“Dog” in European languages

by Jakub Marian

Tip: See my list of the Most Common Mistakes in English. It will teach you how to avoid mis­takes with com­mas, pre­pos­i­tions, ir­reg­u­lar verbs, and much more.

The English word “dog” comes from Old English docga, the origin of which is uncertain. It eventually replaced Old English hund (cf. “hound” in modern English) as a general designation for the animal.

Surprisingly, the word “hound” shares a common origin with French chien, Italian cane, Welsh ci, Albanian qen, and even Latvian suns and Lithuanian šuo, as you can see from the following map:

dog in European languages

The words in Romance languages all come from Latin canis, the Germanic words from Proto-Germanic *hundaz, the Celtic words from Proto-Celtic *kū, and the Baltic words from Proto-Balto-Slavic *ś(w)ō. All these, in turn, come from Proto-Indo-European *ḱwṓ (the Proto-Germanic one via its derived form *ḱwn̥tós).

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The Hungarian word kutya and Bulgarian and Macedonian куче is of uncertain origin. The Slavic words may be borrowings from Hungarian (with a “tj → č” sound change) or vice versa, in which case they could be all related to the Proto-Indo-European expression mentioned above (but they probably aren’t).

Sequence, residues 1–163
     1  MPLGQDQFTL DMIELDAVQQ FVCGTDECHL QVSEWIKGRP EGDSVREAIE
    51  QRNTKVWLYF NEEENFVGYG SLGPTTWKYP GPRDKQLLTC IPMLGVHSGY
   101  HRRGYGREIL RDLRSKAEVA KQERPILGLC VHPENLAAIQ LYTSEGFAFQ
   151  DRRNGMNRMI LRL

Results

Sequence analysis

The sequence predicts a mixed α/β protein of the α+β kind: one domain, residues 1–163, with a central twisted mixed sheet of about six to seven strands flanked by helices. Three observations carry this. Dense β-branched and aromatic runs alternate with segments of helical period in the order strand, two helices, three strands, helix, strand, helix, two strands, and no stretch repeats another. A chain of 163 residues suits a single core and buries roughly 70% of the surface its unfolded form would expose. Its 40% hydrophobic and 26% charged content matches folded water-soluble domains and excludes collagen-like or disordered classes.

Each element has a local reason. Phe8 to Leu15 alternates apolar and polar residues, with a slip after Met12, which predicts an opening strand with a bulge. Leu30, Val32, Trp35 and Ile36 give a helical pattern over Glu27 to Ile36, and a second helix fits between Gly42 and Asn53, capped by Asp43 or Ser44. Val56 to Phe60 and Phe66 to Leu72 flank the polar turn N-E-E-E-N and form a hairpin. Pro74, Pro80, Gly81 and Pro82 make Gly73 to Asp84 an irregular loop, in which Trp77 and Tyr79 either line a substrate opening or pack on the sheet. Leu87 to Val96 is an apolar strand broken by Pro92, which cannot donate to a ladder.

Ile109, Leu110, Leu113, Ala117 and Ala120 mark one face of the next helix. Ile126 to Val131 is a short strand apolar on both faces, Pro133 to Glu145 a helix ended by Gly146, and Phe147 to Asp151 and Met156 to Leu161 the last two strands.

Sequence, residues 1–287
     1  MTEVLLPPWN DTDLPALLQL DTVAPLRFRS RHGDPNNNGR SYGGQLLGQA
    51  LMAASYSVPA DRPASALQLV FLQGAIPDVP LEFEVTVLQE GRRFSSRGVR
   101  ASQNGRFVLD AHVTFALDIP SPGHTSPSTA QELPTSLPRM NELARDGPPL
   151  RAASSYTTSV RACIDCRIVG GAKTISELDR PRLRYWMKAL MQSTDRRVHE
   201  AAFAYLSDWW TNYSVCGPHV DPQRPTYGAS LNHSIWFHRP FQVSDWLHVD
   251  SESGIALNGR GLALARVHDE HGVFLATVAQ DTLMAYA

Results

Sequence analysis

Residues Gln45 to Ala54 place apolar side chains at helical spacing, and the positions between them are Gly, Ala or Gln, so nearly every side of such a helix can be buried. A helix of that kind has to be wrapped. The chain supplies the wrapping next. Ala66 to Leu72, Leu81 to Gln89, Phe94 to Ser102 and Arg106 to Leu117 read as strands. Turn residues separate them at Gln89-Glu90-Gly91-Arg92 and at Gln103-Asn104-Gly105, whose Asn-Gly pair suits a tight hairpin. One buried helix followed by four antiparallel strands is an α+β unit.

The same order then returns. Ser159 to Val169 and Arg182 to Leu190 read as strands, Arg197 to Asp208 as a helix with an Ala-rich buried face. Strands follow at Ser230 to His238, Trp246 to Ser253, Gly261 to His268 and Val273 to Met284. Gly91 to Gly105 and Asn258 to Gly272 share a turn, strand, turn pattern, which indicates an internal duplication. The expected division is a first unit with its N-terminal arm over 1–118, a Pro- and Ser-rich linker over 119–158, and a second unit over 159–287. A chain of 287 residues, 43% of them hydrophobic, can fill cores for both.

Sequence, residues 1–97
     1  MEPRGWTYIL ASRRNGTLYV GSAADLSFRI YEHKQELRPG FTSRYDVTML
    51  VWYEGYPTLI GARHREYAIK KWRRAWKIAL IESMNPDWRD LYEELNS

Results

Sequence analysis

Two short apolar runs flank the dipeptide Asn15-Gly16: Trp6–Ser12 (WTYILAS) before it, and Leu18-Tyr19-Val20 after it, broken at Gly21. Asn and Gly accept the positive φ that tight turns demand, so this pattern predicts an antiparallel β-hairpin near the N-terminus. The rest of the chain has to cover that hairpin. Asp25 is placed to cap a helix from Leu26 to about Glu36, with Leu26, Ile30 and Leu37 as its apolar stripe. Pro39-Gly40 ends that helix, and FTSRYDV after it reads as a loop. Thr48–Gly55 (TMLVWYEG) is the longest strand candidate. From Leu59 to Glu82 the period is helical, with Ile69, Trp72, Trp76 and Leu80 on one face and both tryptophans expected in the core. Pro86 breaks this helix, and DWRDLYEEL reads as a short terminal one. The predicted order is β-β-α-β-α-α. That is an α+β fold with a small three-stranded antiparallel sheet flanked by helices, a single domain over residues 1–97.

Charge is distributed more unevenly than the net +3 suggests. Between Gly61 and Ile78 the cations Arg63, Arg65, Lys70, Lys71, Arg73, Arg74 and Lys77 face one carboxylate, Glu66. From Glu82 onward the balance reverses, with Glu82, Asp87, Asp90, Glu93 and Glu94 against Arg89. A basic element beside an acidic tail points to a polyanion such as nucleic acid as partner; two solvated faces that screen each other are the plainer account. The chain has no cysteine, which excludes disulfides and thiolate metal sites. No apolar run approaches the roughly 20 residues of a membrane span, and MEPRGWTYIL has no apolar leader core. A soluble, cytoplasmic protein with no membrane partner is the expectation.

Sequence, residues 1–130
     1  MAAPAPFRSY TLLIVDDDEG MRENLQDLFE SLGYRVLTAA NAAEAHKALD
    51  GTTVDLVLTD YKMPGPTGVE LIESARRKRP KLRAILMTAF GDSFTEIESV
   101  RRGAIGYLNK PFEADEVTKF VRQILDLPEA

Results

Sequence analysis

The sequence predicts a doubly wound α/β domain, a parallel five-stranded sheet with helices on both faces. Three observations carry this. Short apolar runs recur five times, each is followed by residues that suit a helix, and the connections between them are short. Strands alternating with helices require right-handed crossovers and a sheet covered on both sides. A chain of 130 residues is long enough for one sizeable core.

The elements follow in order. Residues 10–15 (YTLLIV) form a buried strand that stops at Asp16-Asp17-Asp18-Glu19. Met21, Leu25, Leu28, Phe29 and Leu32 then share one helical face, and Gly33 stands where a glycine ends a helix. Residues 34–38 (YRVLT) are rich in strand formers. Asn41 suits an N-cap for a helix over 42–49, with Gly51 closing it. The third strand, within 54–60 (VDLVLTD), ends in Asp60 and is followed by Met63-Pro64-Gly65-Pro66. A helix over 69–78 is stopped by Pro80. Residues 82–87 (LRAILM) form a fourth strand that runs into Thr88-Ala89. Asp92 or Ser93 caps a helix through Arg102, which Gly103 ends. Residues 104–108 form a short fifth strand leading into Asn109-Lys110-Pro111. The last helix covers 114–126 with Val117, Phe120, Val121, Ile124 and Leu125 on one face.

Spanish perro, Greek σκύλος, and Irish madra are of uncertain origin and may be pre-Indo-European. Irish gadhar is a borrowing from Old Norse.

Pies, pes, etc., in Slavic languages come from Proto-Slavic pьsъ, which is itself of uncertain origin. Russian собака was borrowed from Middle Iranian.

The Sami, Nenets, and Võro words come from Proto-Finno-Permic *penä, while the Finnish, Karelian, Estonian, and Veps come from Proto-Uralic *kojra.

Corsican ghjacaru is likely related to Basque txakur (cf. Spanish cachorro).

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